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See also: kėdė and ķēdē

Contents

LatvianEdit

 
Ķēde (1)
 
Sudraba ķēdes (2)
 
Kāju ķēde (3)

Alternative formsEdit

EtymologyEdit

Borrowed from Middle Low German kede, or from Middle Dutch cede (cf. German Kette), themselves borrowings from Latin catena, ultimately from a Proto-Indo-European stem *kat- (to weave, to braid). This is an old borrowing, already mentioned in 17th-century sources, sometimes with a prothetic š (šķēde). The current form, without š, officially entered the standard language in the early 20th century.[1]

PronunciationEdit

(file)

NounEdit

ķēde f (5th declension)

  1. chain (sequence of interconnected, usually metal, rings or links)
    velosipēda ķēdebicycle chain
    pulksteņa ķēdeclock chain
    enkura ķēdeanchor chain
    ķēdes posms, loceklischain link
    ķēžu dūrienschain stitch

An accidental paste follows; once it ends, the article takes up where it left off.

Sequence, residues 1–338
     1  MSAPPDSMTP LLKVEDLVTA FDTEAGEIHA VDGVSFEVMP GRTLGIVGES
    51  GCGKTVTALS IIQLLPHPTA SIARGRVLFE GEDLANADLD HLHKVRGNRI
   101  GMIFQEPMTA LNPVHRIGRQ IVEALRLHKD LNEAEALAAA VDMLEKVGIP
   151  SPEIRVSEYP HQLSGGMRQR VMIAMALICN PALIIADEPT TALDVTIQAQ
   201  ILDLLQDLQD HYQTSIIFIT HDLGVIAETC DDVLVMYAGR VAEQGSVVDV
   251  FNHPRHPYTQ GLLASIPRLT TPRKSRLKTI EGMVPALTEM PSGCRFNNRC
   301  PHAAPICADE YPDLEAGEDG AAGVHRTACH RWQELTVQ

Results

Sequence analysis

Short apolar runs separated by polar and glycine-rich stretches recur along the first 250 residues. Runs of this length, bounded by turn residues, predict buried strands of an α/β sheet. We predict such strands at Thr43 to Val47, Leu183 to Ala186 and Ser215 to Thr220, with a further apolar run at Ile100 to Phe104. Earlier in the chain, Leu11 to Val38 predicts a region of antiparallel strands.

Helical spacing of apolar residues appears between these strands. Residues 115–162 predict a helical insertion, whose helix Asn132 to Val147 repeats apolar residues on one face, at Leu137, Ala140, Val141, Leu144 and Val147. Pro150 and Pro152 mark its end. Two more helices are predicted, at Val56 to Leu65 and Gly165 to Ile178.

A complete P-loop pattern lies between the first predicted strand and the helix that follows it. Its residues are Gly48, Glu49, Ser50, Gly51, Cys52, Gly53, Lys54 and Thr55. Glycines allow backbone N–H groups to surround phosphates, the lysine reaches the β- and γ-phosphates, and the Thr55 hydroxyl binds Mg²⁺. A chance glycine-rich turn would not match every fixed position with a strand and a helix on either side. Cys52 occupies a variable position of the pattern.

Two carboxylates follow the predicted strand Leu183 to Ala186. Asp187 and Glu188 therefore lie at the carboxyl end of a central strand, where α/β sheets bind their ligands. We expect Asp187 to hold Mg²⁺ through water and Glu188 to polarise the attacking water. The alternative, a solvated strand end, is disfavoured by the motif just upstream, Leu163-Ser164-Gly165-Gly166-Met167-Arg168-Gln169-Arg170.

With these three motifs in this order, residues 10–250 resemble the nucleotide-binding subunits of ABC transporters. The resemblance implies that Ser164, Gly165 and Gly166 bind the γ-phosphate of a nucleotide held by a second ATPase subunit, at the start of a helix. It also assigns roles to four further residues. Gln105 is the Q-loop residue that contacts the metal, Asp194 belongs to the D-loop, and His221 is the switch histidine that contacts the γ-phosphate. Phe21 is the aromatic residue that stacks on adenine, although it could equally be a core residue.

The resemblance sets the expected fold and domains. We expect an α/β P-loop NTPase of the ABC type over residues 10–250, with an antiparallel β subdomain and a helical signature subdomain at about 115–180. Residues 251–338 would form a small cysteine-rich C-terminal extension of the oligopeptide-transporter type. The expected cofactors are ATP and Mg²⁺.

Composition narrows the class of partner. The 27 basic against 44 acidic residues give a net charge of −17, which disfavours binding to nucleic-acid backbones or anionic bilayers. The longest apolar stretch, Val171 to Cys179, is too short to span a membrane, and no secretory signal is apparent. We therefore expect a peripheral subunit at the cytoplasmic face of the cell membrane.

piesiet zirgu ķēdēto tie a horse with a chain (= tether)
  2. chain (a chain (1) made of precious metal, to be worn as an ornament)
    ķēde ar piekariņiem — chain with pendants
    sudraba ķēdesilver chain
  3. chain, fetters (to restrain prisoners)
    kāju ķēdefoot chain, fetters
  4. row, line of people at a certain distance from each other
    uzbrucēju ķēdechain of attackers
    izvērsties ķēdēto unfold (people) in a chain
  5. a series of elements following each other
    apsnigušu virsotņu ķēdea chain of snowy peaks
    elektriskā ķēdeelectric circuit (lit. chain)
  6. a sequence of events or facts
    notikumu ķēdechain of events
    ķēdes reakcijachain reaction

DeclensionEdit

ReferencesEdit

  1. ^ Karulis, Konstantīns (1992), “ķēde”, in Latviešu Etimoloģijas Vārdnīca (in Latvian), Rīga: AVOTS, ISBN 9984-700-12-7